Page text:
If a rising trout is continually refusing my offering of a tan elk hair caddis of the right size I do not change the pattern. Instead I have found it more productive to change my location and angle of attack. I have found that my fly has been refused either because the angle of light on it is giving a wrong profile to the subsurface trout looking up or an unseen unnatural looking ripple caused by a tiny bit of drag on my line, leader or tippet is putting them off.
I let the line dead drift past the feeding trout. Before I lift the line I give it a little tweak in an effort to imitate the natural movement of a crippled caddis just in case my drifting fly is being followed. At the end of the drift I skate the fly over the surface for a short distance to create the tell-tale V wake of a natural caddis fly taking off from the surface for the first time. I have had some explosive takes just as my fly leaves the water surface.
Fly Fisherman Al Troth designed the popular Elk Hair Caddis dry fly
In Colorado, the Elk Hair Caddis is by far my favorite and most productive fly. I've of course crushed it on warm days with hatches happening all around me. However I can often coax a trout to rise on a winter day with very little to no surface activity going on with a well placed Caddis. I typically will cast upstream sending the fly strait down the middle of the riffle a few times to see if get any takers, then I start working the edges of the riffle where the moving water meets the calmer. One of my best browns was taken casting a Caddis downstream into an eddy just before a waterfall. There is a logjam there and if you cast just to the side of the main flow, the whirlpool effect will circle your fly around the logs before it gets to the waterfall. Then bam, giant trout that was hiding under those logs sees your fly (camouflaged slightly by the foam that is in the eddy), and you're in business! I always buy barb-less hooks or crimp the barbs down for easy release. Unless I see a hatch of something else coming off, the first fly I throw is almost always a size 14-18 Elk Hair Caddis. Dane Thorne, USA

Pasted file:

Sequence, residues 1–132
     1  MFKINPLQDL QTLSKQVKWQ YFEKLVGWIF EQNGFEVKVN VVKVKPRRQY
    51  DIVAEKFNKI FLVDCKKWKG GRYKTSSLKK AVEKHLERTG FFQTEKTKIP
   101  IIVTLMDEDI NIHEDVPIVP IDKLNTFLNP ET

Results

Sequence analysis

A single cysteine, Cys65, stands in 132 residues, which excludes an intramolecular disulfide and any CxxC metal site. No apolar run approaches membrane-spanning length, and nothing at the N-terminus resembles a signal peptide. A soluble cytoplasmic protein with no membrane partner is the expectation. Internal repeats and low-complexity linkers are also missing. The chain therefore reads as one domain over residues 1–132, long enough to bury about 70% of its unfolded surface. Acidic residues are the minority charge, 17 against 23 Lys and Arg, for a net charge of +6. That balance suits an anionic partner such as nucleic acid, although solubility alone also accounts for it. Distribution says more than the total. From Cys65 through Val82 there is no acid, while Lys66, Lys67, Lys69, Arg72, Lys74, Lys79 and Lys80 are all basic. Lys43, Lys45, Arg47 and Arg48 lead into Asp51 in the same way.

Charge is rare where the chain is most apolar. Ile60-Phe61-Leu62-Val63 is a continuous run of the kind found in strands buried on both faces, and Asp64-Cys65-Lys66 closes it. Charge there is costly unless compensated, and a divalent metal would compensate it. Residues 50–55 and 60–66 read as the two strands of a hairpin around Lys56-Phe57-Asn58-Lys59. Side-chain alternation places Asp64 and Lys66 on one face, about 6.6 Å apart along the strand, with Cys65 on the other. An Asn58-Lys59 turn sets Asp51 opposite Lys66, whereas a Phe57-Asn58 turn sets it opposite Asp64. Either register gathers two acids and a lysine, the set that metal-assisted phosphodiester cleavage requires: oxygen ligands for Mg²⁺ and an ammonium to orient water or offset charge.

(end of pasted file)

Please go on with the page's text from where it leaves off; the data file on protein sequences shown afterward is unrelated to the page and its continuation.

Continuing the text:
How to fish a Caddis Dry fly:- I have sort of drifted away from the elk hairs after many years when they were the only caddis pattern I carried. Now I use the headlight caddis almost exclusively as my searching fly, and any time spent flies are on the water. Still carry an array of elk hairs and like them for "skittering" when fish are potshotting at egg layers. By John Carr
GOOGLE+ READER'S COMMENT
I fish a size 14 modified version of the Elk Hair Caddis as an attractor from May to October. Usually dead drift but some times it has to skitter to get them to come up. When it matches the "hatch" I use it 90% of the time. Earl Arnold, USA
How to fish a Caddis Dry fly:- Good question, I don't believe I really have. I just stick with the good old tan Elk Hair. I have a few olive, black, and brown colored bodies in the box. When I see a trout rise for the fly and refuse it at the last second, I'll sometimes switch it up a bit. I will try a different size or color variation, or clip the hackle and usually they will eventually take it. But 9 out of 10 times, I just keep throwing that same bug until they decide they like it. I think the basic Elk Hair Caddis is the best dry fly out there, so why try to fix what isn't broken or reinvent the wheel? I also have the luxury of fishing some fairly remote areas that get little pressure so the fish aren't as picky. With a good presentation, they'll eat about anything the see floating by them.? By Dane Thorne